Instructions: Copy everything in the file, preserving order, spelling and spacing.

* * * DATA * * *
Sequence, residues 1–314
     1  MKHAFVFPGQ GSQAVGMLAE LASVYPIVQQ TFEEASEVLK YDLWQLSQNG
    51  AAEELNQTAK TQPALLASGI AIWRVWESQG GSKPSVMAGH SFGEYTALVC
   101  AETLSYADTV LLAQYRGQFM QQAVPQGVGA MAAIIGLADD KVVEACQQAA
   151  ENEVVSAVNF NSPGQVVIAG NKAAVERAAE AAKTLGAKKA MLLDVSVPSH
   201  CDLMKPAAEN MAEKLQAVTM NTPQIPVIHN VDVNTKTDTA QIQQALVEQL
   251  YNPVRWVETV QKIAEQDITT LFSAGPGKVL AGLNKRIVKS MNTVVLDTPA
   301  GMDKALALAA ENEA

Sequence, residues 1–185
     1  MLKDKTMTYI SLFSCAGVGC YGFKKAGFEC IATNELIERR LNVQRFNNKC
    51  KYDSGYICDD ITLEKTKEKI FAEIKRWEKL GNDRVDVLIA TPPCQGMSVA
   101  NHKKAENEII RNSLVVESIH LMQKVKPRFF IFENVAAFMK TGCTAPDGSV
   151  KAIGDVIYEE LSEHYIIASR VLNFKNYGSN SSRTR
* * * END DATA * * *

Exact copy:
Sequence, residues 1–314
     1  MKHAFVFPGQ GSQAVGMLAE LASVYPIVQQ TFEEASEVLK YDLWQLSQNG
    51  AAEELNQTAK TQPALLASGI AIWRVWESQG GSKPSVMAGH SFGEYTALVC
   101  AETLSYADTV LLAQYRGQFM QQAVPQGVGA MAAIIGLADD KVVEACQQAA
   151  ENEVVSAVNF NSPGQVVIAG NKAAVERAAE AAKTLGAKKA MLLDVSVPSH
   201  CDLMKPAAEN MAEKLQAVTM NTPQIPVIHN VDVNTKTDTA QIQQALVEQL
   251  YNPVRWVETV QKIAEQDITT LFSAGPGKVL AGLNKRIVKS MNTVVLDTPA
   301  GMDKALALAA ENEA

Sequence, residues 1–185
     1  MLKDKTMTYI SLFSCAGVGC YGFKKAGFEC IATNELIERR LNVQRFNNKC
    51  KYDSGYICDD ITLEKTKEKI FAEIKRWEKL GNDRVDVLIA TPPCQGMSVA
   101  NHKKAENEII RNSLVVESIH LMQKVKPRFF IFENVAAFMK TGCTAPDGSV
   151  KAIGDVIYEE LSEHYIIASR VLNFKNYGSN SSRTR